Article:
What Would Karl Popper Think Today?

Karl PopperThe German philosopher Ludwig Feuerbach was born on this day in 1804. He is most famous for theological work, the main piece of which George Eliot (Yes, that George Eliot!) translated into English as The Essence of Christianity. He took an anthropological approach to religion. It seems to me a weak critique, however it completely explains religion as it is practiced by the vast majority of Americans.

Writer and illustrator, best know for The Tale of Peter Rabbit, Beatrix Potter was born in 1866. Idealism philosopher Ernst Cassirer was born in 1874. Feminist Lucy Burns was born in 1879. Painter Marcel Duchamp was born in 1887. He painted one of my favorite modernist works, Nude Descending a Staircase No. 2. Singer Rudy Vallee was born in 1901.

Nude Descending a StaircaseTupperware inventor Earl Tupper was born in 1907. Although that is pretty cool, Tupper was your typical businessman. Most of his success was due to Brownie Wise, who invented the unique sales strategy. Tupper dumped all over her. Later in life, he got rid of his US citizenship to avoid taxes. Typical “patriotism” of the conservative class! He bought an island off the coast of Mexico before dying.

Novelist Malcolm Lowry was born in 1909. Conductor Carmen Dragon was born in 1914. Producer David Brown was born in 1916. I don’t know why, but I have a great fondness for the man. He did produce (along with Darryl Zanuck) some fun films like Jaws and The Sting. Jacqueline Kennedy Onassis was born in 1929. Guitarist Mike Bloomfield was born in 1943. Keyboardist Richard Wright was born in 1945. And Venezuelan president Hugo Chavez was born in 1954.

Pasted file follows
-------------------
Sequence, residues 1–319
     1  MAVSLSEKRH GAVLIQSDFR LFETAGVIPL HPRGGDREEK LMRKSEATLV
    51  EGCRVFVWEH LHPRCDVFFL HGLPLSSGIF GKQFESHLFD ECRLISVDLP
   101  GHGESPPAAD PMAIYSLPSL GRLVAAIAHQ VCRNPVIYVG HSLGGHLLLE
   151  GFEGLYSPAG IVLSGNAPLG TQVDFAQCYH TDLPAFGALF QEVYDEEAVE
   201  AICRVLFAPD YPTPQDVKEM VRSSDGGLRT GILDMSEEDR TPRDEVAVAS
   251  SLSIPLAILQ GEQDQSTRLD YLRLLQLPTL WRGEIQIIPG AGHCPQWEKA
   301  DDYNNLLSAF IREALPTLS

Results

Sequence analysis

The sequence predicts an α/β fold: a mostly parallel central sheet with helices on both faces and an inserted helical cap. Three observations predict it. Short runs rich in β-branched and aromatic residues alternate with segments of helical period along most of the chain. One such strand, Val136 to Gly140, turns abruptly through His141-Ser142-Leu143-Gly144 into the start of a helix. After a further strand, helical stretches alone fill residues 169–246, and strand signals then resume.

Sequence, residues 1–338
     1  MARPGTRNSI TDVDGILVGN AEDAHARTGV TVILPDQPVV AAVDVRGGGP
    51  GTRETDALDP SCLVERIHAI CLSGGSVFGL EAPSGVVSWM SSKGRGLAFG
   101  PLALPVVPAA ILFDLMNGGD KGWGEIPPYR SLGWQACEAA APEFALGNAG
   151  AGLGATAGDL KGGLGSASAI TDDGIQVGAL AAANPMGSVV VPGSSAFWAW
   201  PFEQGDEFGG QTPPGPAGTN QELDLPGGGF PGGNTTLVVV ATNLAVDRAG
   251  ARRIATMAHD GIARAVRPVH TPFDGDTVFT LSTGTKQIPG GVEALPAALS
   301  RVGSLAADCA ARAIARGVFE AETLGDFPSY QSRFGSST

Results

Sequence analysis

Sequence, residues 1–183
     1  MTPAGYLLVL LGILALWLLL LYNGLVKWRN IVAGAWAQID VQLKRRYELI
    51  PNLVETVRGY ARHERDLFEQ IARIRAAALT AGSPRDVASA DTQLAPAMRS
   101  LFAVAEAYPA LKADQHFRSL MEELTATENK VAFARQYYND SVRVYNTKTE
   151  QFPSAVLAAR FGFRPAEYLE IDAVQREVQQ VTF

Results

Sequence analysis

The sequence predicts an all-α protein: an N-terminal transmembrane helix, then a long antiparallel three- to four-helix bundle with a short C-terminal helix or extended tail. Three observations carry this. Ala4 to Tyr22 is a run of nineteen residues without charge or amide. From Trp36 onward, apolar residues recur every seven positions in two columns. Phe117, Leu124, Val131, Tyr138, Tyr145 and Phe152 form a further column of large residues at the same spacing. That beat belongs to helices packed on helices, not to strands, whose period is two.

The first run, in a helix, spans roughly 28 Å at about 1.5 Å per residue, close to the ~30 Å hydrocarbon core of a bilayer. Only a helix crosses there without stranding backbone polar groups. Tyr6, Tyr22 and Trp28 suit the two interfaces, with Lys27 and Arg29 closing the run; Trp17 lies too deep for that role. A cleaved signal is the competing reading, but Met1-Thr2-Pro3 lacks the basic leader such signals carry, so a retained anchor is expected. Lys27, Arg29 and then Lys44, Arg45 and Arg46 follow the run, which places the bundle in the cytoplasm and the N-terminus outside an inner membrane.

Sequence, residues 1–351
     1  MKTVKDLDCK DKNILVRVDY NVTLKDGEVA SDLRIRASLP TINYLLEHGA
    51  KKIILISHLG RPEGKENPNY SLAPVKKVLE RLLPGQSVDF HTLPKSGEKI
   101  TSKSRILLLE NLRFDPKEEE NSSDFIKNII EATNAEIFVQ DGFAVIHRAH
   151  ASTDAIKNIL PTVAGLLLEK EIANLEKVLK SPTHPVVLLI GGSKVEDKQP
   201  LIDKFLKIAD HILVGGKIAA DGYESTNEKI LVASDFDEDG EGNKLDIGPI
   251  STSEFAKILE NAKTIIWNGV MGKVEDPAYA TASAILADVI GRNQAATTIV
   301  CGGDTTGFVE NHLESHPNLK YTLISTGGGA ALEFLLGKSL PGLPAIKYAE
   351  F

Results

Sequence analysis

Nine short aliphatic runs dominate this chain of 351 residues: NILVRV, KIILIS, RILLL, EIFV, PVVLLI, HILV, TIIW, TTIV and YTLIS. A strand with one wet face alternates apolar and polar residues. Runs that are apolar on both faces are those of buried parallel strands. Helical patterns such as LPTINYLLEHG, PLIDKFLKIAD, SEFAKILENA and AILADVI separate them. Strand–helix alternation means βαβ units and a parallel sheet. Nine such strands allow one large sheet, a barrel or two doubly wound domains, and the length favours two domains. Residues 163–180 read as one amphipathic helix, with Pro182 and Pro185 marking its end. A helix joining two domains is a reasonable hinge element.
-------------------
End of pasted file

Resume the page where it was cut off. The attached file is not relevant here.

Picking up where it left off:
Poet John Ashbery is 86 today. Garfield creator Jim Davis is 68. For the record: I’m not a fan. But he’s good at what he does. Actor Sally Struthers is 66. And Michael Hitchcock is 55.

The day, however, belongs to Karl Popper who was born on this day in 1902. Popper was a philosopher of science—and one of the greatest. But he did this primarily be being very practical. I don’t find his work all that interesting because his insights are largely obvious and not terribly deep. But they were a refreshing push back against, for example, Roland Barthes, even if I have found Barthes to be far more insightful regarding the real world. There is much to be said for verifiable science, but it is a mistake to think that it is the only valid way to pursue the truth.

What is most interesting about Popper is how he is a hero of the conservative intellectual movement for reasons that are anathema to the modern conservative movement. Popper was disillusioned with the communist movement specifically because of it disregard to facts. As a result, he became a big proponent of liberalism along with Friedrich Hayek, Ludwig von Mises, and Milton Friedman. It would be nice to think that Popper, looking at the facts as we know them today, would modify his position. But that clearly didn’t happen to Friedman, who was also a great thinker. In his case, he simply came up for more and more rationalizations for his own extreme take on liberalism. So who can say with Popper, although he was never the kind of true believer that those three were.

Happy birthday Karl Popper!

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About Frank Moraes

Frank Moraes is a freelance writer and editor online and in print. He is educated as a scientist with a PhD in Atmospheric Physics. He has worked in climate science, remote sensing, throughout the computer industry, and as a college physics instructor. Find out more at About Frank Moraes.

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